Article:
You know the idea of giving someone a fish vs. teaching that person to fish? It sounds like the ame principle applies here. And what could make you more of a hero – like Stephen Decatur -- than learning to be a fisher of installation/uninstallation code?

(OK, OK. We need to lay off the margaritas, we admit. It was all Microsoft Regional Director Carl Franklin's fault! He plied us with free drinks after a .Net Rocks recording session last week. And we're still recovering!)
Rocking the Mic at .Net Rocks
Back to Decatur. We're unsure whether Microsoft plans to make Decatur available outside the hallowed halls of the developer division – to members of other Microsoft teams, or maybe even other companies. We'll let you know if we hear more.

While we're on the topic of beach-side cocktails, it seems surf-board code names are really heating up these days.
Ohlo, an open-source startup staffed by a number of former Softies, took its company name from the first surfboard in Hawaii, the founders said.
Former Softies Create Open-Source Startup Ohlo
And we're hearing increasing references to a pair of Microsoft codenames – Maddog and Maui – which also happen to be the names of surfboards.
Maddog and Maui, which almost always seem to be mentioned together, seem to be some kind of internal test tools/test framework that Microsoft groups are using inside the company in building various products.
We've been wondering whether – given the geographic connection – whether Maui might somehow be related to Visual Studio "Hawaii." Hawaii, for those who've forgotten, was originally thought to be the next version of Visual Studio, slated to follow "Orcas," which is expected to ship in 2007. But it now sounds as if Hawaii is more of a catch-all codename for any features of Visual Studio that don't make it into Orcas.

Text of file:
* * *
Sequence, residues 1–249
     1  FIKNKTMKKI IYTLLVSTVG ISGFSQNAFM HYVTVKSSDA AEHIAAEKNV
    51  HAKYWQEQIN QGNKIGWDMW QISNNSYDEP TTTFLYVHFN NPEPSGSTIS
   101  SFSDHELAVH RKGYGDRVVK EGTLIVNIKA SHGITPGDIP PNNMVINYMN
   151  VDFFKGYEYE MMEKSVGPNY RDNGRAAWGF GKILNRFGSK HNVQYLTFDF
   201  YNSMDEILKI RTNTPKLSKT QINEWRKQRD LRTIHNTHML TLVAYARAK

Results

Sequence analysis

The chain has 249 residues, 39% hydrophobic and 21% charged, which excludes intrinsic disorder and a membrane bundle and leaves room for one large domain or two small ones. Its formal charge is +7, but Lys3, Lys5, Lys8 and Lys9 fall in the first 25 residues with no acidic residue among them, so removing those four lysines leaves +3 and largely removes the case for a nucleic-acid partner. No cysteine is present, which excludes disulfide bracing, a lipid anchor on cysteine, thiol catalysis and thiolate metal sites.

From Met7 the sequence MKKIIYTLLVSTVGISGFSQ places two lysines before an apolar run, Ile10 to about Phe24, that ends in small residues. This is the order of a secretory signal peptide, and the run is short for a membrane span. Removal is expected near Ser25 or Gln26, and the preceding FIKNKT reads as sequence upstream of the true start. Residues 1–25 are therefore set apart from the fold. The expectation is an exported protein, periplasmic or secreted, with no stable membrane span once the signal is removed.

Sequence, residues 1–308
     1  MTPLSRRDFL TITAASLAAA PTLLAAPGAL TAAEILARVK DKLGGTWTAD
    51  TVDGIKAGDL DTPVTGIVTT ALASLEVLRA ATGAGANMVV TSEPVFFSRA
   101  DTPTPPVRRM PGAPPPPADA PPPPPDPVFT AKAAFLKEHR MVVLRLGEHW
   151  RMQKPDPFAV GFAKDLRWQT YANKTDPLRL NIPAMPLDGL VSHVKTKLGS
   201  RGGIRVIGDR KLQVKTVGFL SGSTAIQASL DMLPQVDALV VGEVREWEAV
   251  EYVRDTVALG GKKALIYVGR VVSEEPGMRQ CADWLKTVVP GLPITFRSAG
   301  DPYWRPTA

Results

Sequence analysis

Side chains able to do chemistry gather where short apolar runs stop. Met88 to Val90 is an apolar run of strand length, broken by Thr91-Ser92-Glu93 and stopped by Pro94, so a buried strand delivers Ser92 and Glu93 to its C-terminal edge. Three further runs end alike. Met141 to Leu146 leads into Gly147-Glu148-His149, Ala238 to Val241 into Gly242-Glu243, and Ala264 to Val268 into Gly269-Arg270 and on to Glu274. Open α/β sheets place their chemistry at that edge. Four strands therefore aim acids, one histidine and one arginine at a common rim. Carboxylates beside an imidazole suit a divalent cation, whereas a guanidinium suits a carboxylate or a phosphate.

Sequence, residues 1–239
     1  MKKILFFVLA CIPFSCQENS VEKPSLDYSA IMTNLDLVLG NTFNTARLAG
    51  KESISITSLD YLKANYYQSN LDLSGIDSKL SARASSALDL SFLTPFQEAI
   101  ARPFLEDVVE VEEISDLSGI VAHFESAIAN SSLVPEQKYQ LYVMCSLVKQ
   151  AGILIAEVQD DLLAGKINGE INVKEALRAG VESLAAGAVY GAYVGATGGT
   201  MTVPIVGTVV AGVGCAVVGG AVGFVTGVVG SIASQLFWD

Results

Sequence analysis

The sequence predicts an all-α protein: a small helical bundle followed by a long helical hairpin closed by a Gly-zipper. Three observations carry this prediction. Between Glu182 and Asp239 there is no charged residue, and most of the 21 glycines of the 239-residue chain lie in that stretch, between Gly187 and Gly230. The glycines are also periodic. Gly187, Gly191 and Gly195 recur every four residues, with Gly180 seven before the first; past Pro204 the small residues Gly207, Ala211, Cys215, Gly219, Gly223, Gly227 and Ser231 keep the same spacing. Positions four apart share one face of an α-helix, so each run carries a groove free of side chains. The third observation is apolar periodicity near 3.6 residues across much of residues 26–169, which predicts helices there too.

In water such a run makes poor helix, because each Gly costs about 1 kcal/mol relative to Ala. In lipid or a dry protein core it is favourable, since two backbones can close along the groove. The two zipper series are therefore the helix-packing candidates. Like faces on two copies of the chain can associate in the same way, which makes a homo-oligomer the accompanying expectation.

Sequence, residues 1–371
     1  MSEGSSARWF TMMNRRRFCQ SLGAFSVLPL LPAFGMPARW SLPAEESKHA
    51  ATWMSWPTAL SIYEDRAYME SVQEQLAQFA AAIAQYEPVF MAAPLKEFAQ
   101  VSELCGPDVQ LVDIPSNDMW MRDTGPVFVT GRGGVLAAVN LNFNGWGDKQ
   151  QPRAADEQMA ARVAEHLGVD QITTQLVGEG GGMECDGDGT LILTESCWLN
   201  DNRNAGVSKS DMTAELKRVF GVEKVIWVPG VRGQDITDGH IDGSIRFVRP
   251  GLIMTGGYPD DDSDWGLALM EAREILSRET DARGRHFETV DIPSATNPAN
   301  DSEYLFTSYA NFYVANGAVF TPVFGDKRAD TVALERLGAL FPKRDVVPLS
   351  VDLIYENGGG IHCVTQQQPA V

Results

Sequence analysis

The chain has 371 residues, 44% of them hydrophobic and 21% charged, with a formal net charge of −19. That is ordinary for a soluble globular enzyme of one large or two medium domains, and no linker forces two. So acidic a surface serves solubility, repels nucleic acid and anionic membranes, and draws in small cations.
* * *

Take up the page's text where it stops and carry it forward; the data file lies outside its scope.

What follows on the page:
Hawaii: Next Visual Studio or Catch-All Feature Receptacle?
Pass us a pina colada, and any tips you might have on Maui, Hawaii or great beaches to which we can escape this winter, once our summer sweat wears off.
In our regular blog reading in the past few days, we've noticed a number of postings about a Microsoft technology code-named Sandcastle.
According to a Sandcastle FAQ, the technology is designed to enable "managed class library developers throughout the world to easily create accurate, informative documentation with a common look and feel."
Read Lots More Gory Details About Sandcastle Here
And Even More Sandcastle Goodness
Sandcastle sounded interesting, sure. But not really overly inspiring to those of us writing articles, rather than documentation, for a living, we must admit. We were going to just let Sandcastle Community Technology Preview (CTP) 1 wash away, until we got a note from a reader this week who was quite interested in the technology.

Sandcastle "will be of interest to a majority of .NET developers outside of Microsoft," our reader opined.
"In the past a large number of developers have been using NDOC, a great open source code document compiler. (But) NDOC is not available for .NET 2 and above so many developers have been left without an effective way of publishing Developer level help documentation," the reader continued.
Plus, NDOC is no more, the reader added, providing us with a pointer to a recent blog post by Microsoft Regional Director and Most Valuable Professional Scott Hanselman on the sad demise of NDOC.

Scott Hanselman: RIP, NDOC
Anyone else out there interested in building documentation castles on top of Sandcastle? Drop us a message in a bottle....
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Copyright 2006 Ziff Davis Media Inc. All Rights Reserved. Ziff Davis Media Inc., 28 East 28th Street, New York, NY 10016. The Microsoft Watch newsletter and Code Name Tracker are intended for the individual use of the recipient only, unless licensed. Reproduction in whole or in part without permission is prohibited. Microsoft Watch is an independent publication, not affiliated with or authorized by Microsoft Corporation.